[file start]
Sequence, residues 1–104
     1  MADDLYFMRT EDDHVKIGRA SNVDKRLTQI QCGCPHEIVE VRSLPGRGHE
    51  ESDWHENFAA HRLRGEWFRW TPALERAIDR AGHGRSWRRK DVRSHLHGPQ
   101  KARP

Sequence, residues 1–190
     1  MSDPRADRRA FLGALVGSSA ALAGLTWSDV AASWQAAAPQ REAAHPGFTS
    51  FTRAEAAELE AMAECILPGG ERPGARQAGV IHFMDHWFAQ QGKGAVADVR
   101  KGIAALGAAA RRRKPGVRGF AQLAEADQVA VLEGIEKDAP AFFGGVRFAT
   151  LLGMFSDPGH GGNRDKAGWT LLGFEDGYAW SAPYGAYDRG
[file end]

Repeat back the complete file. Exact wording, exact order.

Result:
Sequence, residues 1–104
     1  MADDLYFMRT EDDHVKIGRA SNVDKRLTQI QCGCPHEIVE VRSLPGRGHE
    51  ESDWHENFAA HRLRGEWFRW TPALERAIDR AGHGRSWRRK DVRSHLHGPQ
   101  KARP

Sequence, residues 1–190
     1  MSDPRADRRA FLGALVGSSA ALAGLTWSDV AASWQAAAPQ REAAHPGFTS
    51  FTRAEAAELE AMAECILPGG ERPGARQAGV IHFMDHWFAQ QGKGAVADVR
   101  KGIAALGAAA RRRKPGVRGF AQLAEADQVA VLEGIEKDAP AFFGGVRFAT
   151  LLGMFSDPGH GGNRDKAGWT LLGFEDGYAW SAPYGAYDRG